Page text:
Perhaps part of the problem is that women's increasing desire to enter the workforce hasn't been complemented by an equally increasing male desire to be involved in housework. I remember reading a statistic in law school that women, on average, regardless of how many hours they work outside of the home, spend twice as much of their free time on housework as men. (I really wish I had the source for that, now, but then again, this isn't a scholarly paper, so it's not like you can dock me marks, right?) Now, I know there are some fantastic men out there who contribute as much or more to the household chores as their wives. I know there are some SAHF's who have devoted their lives to the work of a parent. But that makes my undocumented statistic all the more sad, because it means that even with those guys bringing the curve up, the rest of them are bringing it all the more down.

Now, I'm not here to complain. I'm just observing. I'd be interested in hearing your thoughts on this.


* Come on, I know I will never get away with naming my real daughters Rohirric names, so let me do it with my hypothetical ones, okay?


P.S. As a reward for reading all the way to the bottom of this post, I have a special treat for you. We have good news: Jeremy got a job today! Hooray!


Your Mom Prints Zines said...

Yeah, the fact that there is no accompanying change for men sucks. That'll be the next stage in equality of the sexes, the stay at home dad.

And congratulations to Jeremy! You both must be so excited.

Kelsey Catherine said...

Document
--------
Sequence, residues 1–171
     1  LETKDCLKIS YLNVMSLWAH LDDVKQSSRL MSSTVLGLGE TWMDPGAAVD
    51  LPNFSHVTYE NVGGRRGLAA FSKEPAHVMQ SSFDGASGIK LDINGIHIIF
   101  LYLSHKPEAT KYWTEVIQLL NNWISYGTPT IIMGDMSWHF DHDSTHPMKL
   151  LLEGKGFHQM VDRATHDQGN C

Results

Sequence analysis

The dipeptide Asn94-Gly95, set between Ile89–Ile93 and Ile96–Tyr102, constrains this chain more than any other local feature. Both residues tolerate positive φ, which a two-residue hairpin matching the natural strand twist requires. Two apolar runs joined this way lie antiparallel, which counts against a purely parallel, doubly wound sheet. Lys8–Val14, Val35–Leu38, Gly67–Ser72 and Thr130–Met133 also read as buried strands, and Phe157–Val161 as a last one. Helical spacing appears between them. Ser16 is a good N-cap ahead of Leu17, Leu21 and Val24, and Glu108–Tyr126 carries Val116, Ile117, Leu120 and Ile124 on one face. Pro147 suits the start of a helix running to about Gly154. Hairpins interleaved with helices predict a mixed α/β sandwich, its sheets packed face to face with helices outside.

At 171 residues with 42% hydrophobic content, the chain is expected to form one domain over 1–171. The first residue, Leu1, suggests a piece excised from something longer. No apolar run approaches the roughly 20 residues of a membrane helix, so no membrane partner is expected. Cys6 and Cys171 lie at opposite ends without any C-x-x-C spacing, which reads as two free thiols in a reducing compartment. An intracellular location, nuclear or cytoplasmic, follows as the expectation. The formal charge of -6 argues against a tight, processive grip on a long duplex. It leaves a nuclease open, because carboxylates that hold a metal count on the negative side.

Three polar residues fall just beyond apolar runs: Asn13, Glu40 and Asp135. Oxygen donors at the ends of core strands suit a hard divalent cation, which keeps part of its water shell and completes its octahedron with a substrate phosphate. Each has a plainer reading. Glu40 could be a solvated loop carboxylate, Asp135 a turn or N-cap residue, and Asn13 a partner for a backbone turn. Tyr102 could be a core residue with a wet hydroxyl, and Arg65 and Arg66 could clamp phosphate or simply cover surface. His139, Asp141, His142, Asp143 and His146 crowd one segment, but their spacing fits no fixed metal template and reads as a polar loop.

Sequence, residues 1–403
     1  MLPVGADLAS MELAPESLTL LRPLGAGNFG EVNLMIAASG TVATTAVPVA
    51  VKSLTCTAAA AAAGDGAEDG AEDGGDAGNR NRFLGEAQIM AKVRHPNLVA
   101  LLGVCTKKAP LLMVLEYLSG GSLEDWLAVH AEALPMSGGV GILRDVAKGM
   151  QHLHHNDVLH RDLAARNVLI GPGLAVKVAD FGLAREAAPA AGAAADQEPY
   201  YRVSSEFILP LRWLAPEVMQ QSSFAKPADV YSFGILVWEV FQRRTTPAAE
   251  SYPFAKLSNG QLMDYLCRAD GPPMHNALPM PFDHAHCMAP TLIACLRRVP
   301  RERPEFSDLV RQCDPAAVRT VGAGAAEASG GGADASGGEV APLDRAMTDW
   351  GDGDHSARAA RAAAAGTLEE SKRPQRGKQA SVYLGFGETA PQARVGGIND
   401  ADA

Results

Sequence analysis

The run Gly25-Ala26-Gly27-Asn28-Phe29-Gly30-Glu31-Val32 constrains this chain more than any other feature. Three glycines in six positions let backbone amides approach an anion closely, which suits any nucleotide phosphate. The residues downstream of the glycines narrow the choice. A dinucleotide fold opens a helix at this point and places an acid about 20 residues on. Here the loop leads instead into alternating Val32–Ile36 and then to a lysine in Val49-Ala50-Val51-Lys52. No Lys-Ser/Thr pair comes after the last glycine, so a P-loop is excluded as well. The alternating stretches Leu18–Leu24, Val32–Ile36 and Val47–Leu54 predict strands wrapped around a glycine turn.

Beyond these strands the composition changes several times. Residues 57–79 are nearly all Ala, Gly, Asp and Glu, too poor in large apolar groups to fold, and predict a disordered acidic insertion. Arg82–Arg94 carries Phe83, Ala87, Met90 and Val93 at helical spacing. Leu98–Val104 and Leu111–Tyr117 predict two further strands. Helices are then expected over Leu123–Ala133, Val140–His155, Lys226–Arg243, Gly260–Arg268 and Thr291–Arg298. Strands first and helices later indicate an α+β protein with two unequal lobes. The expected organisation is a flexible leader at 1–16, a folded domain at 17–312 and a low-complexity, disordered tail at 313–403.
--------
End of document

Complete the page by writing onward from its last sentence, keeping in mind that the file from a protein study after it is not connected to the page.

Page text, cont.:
Oh Jule Ann...you're dragging to the surface all my concerns again!! haha...I'm glad I'm having this freak out questioning what I should do at 20, and at the point where i haven't fully thrown myself down the career path...not to worry though, you can never fully throw yourself down that path, so long as you continue to strive towards whats in your heart, and what God has planned for you...
P.s. Love the LOTR children

christianlady said...

Ahh, women and work. I worked until my first son was born, then I tutored part time only 6 hours a week. That ended when we moved out of state and I had my second. I was going to be a teacher, that's what my diploma says. I ended up being a mother, which includes being a teacher. I accepted this role fully and don't want to work until they are older if not until they leave the home. We have struggled financially, but that's just part of the deal. The American dream is a bit materialistic anyway.

The article really got me at certain points. The assumption is that women aren't leaving the workforce because they WANT to spend more time at home with their kids, but because they have to. I wish it were that women were choosing to stay home as I did, in order to know my kids. No career is more important to me.

Funny, my husband does a lot around here. He works 50 hours a week or more, and this past few days (his off days) He did laundry, dishes, cooked, planted flowers in the yard, walked the dog, and bought groceries. During a 7 day week he makes a meal at least twice, and does maybe 3 loads of laundry including folding. I don't ask him to do it, he just does. I'm not sure why. I think he might do more than men with women who work. Again, don't know why!